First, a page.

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Finding unmatched braces (brackets)

By Bob Mesibov, published 13/08/2016 in Tutorials

Recently I was checking for unmatched braces in a big text file with nearly half a million lines (300+ MB). Was there a closing brace for every opening brace?

The text file was called 'beetle' and was actually a tab-separated table with each line divided into 77 fields. What I wanted to do was find any lines in which unmatched braces appeared within fields. Here's the command I used:

awk -F"\t" '{for (i=1;i<=NF;i++) if (split($i,a,"(") != split($i,b,")")) {print NR": "$0; next}}' beetle > unmatched

The command took 1 minute 13 seconds to execute, which isn't bad for an operation that checked 36,036,077 data fields (with an Intel i3 dual core processor and 4 GB of RAM).

To explain how the command works, I'll use a small tab-separated table called 'demo' with 3 fields:

AWK has a 'split' function which takes 3 or 4 arguments. The first argument is the string to be split and the third is the character or characters on which to do the splitting. The second argument is the name of an array into which the split-out bits will be stored, and the fourth (optional) argument is an array containing the separators. What 'split' returns is the number of split-out items in the array.

In the command below, each line in 'demo' is split using '(' as a separator and the number of split-out items is printed for each line:

Note that AWK found 4 split-out items in the first line, namely a, aaa)[tab]bbbb[tab], cccc plus an empty item separated from the rest by '('. In other words, the number of items put into an array by 'split' will always be just 1 more than the number of separators. Note also that AWK emptied the array 'a' before splitting the next line.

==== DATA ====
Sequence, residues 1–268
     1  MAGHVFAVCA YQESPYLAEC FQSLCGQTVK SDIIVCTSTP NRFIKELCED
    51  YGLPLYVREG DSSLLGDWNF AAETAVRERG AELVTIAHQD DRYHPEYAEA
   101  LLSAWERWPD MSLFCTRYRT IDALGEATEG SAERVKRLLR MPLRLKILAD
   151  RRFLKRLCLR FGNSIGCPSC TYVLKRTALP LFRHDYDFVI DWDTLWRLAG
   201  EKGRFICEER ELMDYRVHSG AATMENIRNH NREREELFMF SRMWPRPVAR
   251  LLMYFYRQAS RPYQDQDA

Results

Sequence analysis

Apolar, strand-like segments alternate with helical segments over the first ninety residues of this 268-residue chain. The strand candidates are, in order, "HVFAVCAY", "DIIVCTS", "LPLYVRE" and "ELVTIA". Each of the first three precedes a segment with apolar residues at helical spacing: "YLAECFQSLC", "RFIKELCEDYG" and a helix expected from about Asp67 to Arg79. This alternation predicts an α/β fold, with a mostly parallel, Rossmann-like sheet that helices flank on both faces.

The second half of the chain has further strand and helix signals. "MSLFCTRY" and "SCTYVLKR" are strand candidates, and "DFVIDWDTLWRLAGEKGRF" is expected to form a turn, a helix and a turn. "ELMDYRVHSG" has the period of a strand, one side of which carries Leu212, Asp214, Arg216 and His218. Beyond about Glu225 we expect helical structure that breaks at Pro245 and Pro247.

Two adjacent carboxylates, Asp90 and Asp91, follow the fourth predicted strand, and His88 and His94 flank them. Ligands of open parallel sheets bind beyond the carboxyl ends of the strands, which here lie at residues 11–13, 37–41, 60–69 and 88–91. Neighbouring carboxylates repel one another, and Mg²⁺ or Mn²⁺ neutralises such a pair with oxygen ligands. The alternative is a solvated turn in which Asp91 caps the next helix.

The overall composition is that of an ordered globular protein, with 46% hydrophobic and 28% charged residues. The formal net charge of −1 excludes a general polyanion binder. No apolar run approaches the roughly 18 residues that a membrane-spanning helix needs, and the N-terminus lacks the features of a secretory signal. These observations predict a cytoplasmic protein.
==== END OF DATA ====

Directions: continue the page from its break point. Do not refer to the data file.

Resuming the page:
Repeating the command with ')' as separator and loading an array 'b', we get:

Now to see whether the number of opening and closing braces is the same in each line. In the following command, AWK is asked to check whether the same number of split-out items is found for each brace type, and if not, then the line number is printed followed by the whole line:

That worked well, but note that line 2 only has matching braces as a whole line. Fields 2 and 3 in line 2 both have unmatched braces. To look within fields, the full command above uses a for loop to do the checking on each field in turn. If unmatched braces are found in any field, AWK prints out the line number and the whole line, then jumps to the next line following the 'next' instruction.

The full command isn't perfect because it won't find a line in which a field has braces matched 'backwards', like this: aa)aaa(a. I checked that possibility with another AWK command using a rather complicated regex. Here the command is looking at 'demo_new' with an added line including 'backwards' braces:

There were no such lines in 'beetle', but the command at the beginning of this article did find 35 lines in 'beetle' containing fields with unmatched braces. I checked the 35 lines individually to see what the problem was (typo? truncated string?), then fixed each one with sed. For example:

I repeated this process for unmatched square brackets ([]), curly brackets ({}) and greater-than/less-than arrows (<>). A fiddly proofreading job, made easier on this monster file with AWK!

About the Author

Bob Mesibov is Tasmanian, retired and a keen Linux tinkerer.

Tags: tutorials scripting bash awk braces brackets cli
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